(Nov. 18, 1933- Mar. 24, 2012). Born James Dwight Randolph Hardin in Louisville, Kentucky, Boniface Hardin entered St. Meinrad Seminary in Indiana in 1946. As one of St. Meinrad’s first African American students, he completed high school, college, and seminary studies and was ordained a monk and priest in 1959.
After serving as the assistant treasurer of St. Meinrad for six years, Father Hardin accepted the position of associate pastor at Holy Angels Parish in Indianapolis in 1965. During his time at the church, he became a social activist who campaigned against police brutality, poverty, discrimination, and the construction of a segment of I-65 that threatened to divide the parish’sneighborhood. In a dramatic episode in 1969, parishioners staged a walkout at on Easter Sunday to protest the decision of Archbishop to return Father Hardin to St. Meinrad due to his radicalism. The protest was successful, and Hardin was reinstated at Holy Angels.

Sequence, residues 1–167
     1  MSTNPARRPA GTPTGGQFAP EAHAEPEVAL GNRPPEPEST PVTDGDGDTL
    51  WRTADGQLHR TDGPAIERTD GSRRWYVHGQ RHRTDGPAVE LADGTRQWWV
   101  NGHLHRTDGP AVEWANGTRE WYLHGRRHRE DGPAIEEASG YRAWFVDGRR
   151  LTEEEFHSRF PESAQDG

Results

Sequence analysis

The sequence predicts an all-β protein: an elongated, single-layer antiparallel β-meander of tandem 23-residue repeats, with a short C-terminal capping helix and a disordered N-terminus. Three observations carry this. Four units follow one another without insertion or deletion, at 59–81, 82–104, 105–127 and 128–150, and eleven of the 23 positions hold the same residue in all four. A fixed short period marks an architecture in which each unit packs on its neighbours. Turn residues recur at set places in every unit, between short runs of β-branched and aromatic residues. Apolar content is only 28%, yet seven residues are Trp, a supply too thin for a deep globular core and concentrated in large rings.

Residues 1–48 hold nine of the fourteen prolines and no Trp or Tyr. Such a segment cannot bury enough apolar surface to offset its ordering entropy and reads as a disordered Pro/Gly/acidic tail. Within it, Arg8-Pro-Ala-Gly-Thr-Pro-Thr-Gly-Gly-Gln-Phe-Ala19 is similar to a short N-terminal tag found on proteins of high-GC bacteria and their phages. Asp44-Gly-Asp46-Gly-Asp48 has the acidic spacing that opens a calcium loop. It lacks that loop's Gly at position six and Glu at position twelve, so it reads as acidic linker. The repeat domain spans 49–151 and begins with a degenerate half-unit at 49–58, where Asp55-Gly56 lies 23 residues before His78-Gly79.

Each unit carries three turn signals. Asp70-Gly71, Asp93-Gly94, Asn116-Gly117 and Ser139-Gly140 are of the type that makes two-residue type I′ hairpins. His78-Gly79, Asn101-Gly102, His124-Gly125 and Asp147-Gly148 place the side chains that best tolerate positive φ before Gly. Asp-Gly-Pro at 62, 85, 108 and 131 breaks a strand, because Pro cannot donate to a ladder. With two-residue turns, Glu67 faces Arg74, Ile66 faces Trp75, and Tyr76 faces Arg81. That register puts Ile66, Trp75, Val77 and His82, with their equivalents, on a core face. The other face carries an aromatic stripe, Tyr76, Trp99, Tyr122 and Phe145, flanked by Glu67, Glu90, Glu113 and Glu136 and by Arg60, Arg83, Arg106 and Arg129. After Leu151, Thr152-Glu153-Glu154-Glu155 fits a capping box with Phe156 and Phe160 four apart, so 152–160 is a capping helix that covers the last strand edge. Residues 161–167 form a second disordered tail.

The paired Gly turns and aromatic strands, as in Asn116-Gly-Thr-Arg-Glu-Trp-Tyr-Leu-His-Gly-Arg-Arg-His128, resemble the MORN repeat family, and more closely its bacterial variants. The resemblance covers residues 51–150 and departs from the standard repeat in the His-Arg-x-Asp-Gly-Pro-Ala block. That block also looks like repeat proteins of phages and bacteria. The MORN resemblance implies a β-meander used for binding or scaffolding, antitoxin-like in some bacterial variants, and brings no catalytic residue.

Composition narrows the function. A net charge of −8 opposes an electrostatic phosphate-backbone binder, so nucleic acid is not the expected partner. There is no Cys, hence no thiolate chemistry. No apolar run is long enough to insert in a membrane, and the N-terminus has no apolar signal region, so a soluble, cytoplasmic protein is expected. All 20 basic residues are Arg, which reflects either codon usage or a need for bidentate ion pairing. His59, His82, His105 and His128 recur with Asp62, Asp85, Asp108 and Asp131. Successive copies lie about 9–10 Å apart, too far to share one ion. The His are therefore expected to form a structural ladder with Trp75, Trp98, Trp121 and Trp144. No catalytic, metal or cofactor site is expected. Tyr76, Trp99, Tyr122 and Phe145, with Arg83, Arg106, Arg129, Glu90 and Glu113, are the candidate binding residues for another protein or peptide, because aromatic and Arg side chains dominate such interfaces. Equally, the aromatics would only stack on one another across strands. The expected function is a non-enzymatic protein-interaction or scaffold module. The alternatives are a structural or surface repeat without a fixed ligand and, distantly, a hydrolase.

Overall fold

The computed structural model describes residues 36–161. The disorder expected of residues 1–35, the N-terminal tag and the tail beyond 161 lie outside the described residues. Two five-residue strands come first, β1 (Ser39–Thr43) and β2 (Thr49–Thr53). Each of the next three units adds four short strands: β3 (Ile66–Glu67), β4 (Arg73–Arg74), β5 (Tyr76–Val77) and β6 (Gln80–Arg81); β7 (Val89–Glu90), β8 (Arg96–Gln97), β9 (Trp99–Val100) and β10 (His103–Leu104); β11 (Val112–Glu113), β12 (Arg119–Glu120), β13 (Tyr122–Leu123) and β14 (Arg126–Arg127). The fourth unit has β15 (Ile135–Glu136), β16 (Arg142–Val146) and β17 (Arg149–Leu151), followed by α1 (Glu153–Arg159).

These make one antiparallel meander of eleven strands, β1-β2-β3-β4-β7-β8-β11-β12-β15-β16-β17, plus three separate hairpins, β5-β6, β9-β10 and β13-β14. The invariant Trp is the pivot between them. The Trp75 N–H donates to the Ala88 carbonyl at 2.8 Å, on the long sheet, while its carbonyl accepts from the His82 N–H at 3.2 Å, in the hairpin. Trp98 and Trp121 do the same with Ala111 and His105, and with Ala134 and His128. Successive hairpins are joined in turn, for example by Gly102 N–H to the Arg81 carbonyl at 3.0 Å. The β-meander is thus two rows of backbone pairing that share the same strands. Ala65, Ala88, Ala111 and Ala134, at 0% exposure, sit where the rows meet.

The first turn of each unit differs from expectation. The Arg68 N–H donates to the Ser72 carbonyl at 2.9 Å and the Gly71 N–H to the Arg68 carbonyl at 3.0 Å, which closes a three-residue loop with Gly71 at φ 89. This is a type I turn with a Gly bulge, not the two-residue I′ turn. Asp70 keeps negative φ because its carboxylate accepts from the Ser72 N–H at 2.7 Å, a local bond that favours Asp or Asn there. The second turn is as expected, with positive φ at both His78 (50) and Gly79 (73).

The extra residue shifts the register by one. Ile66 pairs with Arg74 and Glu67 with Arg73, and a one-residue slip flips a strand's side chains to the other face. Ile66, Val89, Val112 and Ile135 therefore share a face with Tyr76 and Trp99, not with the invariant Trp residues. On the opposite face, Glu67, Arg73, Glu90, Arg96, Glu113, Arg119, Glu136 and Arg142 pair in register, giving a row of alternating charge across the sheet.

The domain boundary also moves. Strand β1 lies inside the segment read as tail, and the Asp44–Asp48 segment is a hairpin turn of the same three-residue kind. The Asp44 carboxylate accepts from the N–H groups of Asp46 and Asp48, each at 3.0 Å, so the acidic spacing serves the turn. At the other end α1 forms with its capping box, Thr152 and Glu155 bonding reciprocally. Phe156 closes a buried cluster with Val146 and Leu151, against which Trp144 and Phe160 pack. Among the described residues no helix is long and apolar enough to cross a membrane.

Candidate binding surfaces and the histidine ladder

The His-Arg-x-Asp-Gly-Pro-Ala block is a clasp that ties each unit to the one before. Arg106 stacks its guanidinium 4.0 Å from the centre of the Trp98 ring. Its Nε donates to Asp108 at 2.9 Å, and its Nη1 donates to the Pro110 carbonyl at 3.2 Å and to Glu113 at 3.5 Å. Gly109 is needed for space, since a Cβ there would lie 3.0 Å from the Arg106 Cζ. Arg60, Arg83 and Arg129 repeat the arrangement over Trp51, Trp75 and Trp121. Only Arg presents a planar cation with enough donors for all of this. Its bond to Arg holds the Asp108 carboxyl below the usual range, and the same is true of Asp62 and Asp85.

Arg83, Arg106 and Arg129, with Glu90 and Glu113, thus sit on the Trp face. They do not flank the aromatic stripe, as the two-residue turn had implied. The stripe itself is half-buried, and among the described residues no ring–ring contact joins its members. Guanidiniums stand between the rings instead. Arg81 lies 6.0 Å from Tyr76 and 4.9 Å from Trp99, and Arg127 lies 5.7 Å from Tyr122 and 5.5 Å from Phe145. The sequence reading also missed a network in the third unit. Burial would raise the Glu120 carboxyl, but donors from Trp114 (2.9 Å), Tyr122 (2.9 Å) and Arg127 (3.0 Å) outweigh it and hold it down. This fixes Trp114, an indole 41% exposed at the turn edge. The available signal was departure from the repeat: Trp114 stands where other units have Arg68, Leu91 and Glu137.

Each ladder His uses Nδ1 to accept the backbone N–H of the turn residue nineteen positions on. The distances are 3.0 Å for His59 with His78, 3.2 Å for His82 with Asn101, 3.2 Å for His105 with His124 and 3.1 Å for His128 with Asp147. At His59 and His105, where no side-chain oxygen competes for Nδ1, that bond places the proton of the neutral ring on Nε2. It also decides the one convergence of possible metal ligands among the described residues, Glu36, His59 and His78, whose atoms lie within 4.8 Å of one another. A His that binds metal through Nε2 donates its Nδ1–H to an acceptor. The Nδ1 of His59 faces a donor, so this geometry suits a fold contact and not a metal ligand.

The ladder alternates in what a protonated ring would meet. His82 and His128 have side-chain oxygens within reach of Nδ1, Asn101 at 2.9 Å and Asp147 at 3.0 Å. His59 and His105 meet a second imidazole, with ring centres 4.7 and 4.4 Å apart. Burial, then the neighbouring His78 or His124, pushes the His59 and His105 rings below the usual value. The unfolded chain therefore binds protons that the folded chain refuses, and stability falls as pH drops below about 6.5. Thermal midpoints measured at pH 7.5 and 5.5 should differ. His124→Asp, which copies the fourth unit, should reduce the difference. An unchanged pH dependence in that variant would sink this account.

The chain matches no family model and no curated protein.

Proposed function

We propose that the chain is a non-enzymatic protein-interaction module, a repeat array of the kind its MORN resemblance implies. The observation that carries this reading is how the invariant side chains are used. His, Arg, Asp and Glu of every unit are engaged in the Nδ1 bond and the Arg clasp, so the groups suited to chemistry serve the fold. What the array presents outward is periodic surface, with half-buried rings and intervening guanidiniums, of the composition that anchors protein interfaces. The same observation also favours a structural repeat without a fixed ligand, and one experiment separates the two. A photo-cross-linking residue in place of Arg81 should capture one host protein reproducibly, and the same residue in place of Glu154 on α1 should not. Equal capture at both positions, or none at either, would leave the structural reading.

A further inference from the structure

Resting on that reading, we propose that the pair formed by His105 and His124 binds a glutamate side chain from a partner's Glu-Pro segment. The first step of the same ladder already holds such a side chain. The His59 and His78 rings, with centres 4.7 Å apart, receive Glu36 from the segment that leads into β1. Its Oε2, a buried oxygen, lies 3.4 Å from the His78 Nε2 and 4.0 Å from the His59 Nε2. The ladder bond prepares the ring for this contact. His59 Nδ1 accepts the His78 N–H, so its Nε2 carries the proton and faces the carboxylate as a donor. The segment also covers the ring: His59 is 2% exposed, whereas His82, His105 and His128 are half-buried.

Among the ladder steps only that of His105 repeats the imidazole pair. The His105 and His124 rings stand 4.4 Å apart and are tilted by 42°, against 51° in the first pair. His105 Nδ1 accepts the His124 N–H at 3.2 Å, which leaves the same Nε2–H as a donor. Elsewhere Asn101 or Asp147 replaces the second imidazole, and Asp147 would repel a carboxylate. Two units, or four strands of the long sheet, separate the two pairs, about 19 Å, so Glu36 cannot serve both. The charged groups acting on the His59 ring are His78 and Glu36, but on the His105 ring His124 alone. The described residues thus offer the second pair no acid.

At the close of that same year, however, Father Hardin chose to leave parish work to create Martin Center. At the Martin Center, he and longtime collaborator Sister Jane Schilling created educational programs on racial understanding. The agency soon expanded to include the Sickle Cell Center (later known as the) and the Afro-American Institute, which generated radio and TV shows, a journal, and a full program of educational offerings.
In 1977, Father Hardin established Martin Center College to offer higher education opportunities to those previously excluded from college. Serving as president for 30 years, he oversaw the school’s transition to.
Father Hardin served on many community boards in Indianapolis and was awarded numerous honors during his career.